The ships all appear to have been loaded from the Persian Gulf Star Refinery near Bandar Abbas, Iran, which makes gasoline, Raja says. The ships then traveled around the Arabian Peninsula and through the Suez Canal into the Mediterranean Sea, according to data collected from the ship’s Automatic Identification System, or AIS, which acts as a tracking beacon.
The 91-year-old mother of actor Zachi Noy is found dead in Haifa.
Sarah Novobruder had been missing since early this month.
Spain has registered its first daily death toll of fewer than 100 confirmed fatalities since declaring a state of emergency to fight the coronavirus two months ago.
Spain’s health minister says regional authorities have reported 87 new deaths, the lowest daily count since March 16. Spain reported over 900 deaths a day at the height of the outbreak.
The country of 47 million has had 27,650 deaths and 277,719 infections from COVID-19.
Spain is easing its strict lockdown measures that succeeded in slowing the spread of the virus, but have also brought its economy to a halt.
New York Gov. Andrew Cuomo gets tested for coronavirus on live TV Sunday as he announces all people in the state experiencing flu-like symptoms are now eligible for tests.
Any New Yorkers experiencing flu-like symptoms or those who will be returning to work as part of phased reopenings across the state can now get tested, Cuomo says.
The state is expanding eligibility as it deals with a surplus of testing capacity. Cuomo says drive-thru and walk-in testing sites are performing about one-third of the 15,000 tests they are capable of each day.
In all, the state is testing about 40,000 people per day.
An agreement with CVS will allow samples to be collected at more than 60 pharmacies across the state, Cuomo says. Testing in New York City is being expanded to 123 CityMD walk-in clinics.
New York Mayor Bill de Blasio also makes an urgent appeal Sunday for blood donations, saying coronavirus-related blood drive cancellations have led supplies to dwindle to about two days’ worth, which could mean postponing some surgeries.
The Chinese government will dispatch investigators to probe the death of its ambassador to Israel, Du Wei, the Haaretz daily reports.
Wei died at his home in Herzliya on Sunday, apparently from natural causes, a statement from Beijing has said.
A statement from China’s foreign ministry earlier said: “The preliminary verdict is that Ambassador Du Wei died unexpectedly of health reasons. The details await further confirmation.”
According to Haaretz, the special team will also arrange flying arrangements to bring Wei’s body to China for burial. A family representative will be joining, the report says.
— with AFP
Likud MK Nir Barkat turned down Prime Minister Benjamin Netanyahu’s offer for the intelligence, cyber and technology, or higher education ministerial portfolios, according to Channel 12.
The television report says Barkat, a former Jerusalem mayor, objected to running an office invented for the new government, which will have the largest number of cabinet members in Israel’s history.
“I won’t take a portfolio that will harm the government’s work and waste public funds during the coronavirus [pandemic],” he told Netanyahu, the report says.
Barkat asked for the education or energy ministries, but was rejected.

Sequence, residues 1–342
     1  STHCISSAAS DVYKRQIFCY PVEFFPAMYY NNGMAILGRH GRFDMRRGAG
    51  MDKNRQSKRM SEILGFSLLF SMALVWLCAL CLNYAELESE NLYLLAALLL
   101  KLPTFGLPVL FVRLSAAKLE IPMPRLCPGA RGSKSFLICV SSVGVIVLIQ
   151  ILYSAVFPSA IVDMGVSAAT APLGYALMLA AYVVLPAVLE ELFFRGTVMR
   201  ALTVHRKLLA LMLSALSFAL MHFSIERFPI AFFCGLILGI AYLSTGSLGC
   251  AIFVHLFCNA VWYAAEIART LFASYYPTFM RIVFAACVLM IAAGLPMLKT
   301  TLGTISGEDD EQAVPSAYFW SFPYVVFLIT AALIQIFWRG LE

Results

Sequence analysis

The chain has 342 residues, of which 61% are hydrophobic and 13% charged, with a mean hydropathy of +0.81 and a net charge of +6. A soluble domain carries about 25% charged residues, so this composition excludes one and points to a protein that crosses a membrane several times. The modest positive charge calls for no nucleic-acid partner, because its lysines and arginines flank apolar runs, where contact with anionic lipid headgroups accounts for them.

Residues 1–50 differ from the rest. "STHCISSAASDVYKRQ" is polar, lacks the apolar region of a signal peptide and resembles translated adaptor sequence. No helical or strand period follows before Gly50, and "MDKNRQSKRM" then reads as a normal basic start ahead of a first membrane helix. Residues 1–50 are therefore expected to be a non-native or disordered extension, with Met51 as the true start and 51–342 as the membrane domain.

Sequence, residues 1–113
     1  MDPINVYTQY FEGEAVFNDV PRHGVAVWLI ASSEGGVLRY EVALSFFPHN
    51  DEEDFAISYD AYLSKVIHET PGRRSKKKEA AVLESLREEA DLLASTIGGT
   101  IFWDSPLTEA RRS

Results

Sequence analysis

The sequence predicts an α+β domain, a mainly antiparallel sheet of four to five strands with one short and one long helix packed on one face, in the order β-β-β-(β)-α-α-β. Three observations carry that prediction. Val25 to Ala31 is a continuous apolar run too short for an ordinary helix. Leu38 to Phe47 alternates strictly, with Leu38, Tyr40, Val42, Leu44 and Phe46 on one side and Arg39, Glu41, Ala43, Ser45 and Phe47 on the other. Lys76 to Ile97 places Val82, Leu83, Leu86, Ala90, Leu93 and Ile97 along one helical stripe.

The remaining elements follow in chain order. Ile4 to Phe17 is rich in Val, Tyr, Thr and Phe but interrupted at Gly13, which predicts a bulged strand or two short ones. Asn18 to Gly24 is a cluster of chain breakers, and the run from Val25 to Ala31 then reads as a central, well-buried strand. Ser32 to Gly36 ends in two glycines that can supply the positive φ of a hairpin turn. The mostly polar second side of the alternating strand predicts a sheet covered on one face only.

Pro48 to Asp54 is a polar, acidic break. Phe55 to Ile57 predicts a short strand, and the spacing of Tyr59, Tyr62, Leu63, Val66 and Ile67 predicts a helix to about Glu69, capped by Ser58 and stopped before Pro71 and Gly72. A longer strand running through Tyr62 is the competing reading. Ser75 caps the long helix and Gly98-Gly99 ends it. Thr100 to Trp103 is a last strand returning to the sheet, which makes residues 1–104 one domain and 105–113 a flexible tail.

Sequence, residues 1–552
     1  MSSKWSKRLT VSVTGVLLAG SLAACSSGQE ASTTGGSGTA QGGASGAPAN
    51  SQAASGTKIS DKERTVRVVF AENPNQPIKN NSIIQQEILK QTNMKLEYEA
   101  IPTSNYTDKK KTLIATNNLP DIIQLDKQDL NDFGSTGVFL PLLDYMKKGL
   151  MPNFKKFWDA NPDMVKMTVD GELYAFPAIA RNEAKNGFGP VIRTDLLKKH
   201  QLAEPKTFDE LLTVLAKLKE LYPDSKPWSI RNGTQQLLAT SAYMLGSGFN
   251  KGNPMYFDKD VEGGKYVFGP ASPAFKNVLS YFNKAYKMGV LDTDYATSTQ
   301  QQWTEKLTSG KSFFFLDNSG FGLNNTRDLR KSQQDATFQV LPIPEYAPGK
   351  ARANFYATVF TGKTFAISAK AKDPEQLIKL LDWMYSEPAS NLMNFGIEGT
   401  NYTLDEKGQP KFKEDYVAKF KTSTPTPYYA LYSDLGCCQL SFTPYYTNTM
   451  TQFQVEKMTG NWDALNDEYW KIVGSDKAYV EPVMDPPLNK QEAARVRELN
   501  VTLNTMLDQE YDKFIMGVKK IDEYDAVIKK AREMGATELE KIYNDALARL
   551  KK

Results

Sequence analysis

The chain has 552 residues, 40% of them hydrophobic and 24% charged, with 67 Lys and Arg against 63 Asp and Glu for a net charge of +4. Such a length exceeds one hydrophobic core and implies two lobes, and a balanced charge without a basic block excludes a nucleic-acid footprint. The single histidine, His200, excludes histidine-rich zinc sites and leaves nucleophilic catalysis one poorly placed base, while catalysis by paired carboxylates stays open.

The Intelligence Ministry eventually went to Likud’s Eli Cohen, while Ze’ev Elkin will oversee higher education, along with several other issues.
Incoming Defense Minister Benny Gantz meets with IDF Chief of Staff Aviv Kohavi, the Blue and White party confirms.
The meeting on Israel’s security comes a day before Gantz officially takes over as defense minister for the next 18 months, at a ceremony at the IDF headquarters in Tel Aviv.
Outgoing health minister Yaakov Litzman appears to suggest the Israeli government overreacted to the coronavirus.
“I also thought so, that the panic was overblown, and when the director [of the Health Ministry] said he fears tens of thousands would die, I yelled at the cabinet meeting, in his presence and in the presence of the ministers, that it wouldn’t be. It’s just exaggerated,” Litzman tells the Kan public broadcaster.
“But it doesn’t matter. The prime minister accepted this hyperbole and responded to the fears of the [Health Ministry’s] director [Moshe Bar Siman-Tov], and operated according to that — and I can’t say I have many claims against him, because overall the situation is excellent,” he says, but stresses that just 272 died rather than the tens of thousands predicted.
Litzman himself contracted and recovered from COVID-19. He is now set to take over the Housing Ministry. Bar Siman-Tov has resigned from the Health Ministry.
Yuval Carmi, the falafel seller who became a symbol of the economic toll of the pandemic, has been hospitalized after undergoing a heart attack, Channel 13 reports.
Carmi arrived at the Kaplan Medical Center with chest pains and was taken for emergency treatment shortly before the heart attack.
“Thank God, they made a new man of me. They saved me,” he tells Channel 13. It was not immediately clear when he was hospitalized.
While Carmi was thankful for the outpouring of support for his business since he told his story to the network, he also told of negative reactions.
“I came to the ER. Someone came up to me, his wife recognized me and said ‘Hello.’ Her husband came up and asked her, ‘Do you know him?’ She said, ‘Yes, it’s the crybaby from the television.’
“It hurt me. My heart exploded.”
As The Times of Israel’s political correspondent, I spend my days in the Knesset trenches, speaking with politicians and advisers to understand their plans, goals and motivations.
I'm proud of our coverage of this government's plans to overhaul the judiciary, including the political and social discontent that underpins the proposed changes and the intense public backlash against the shakeup.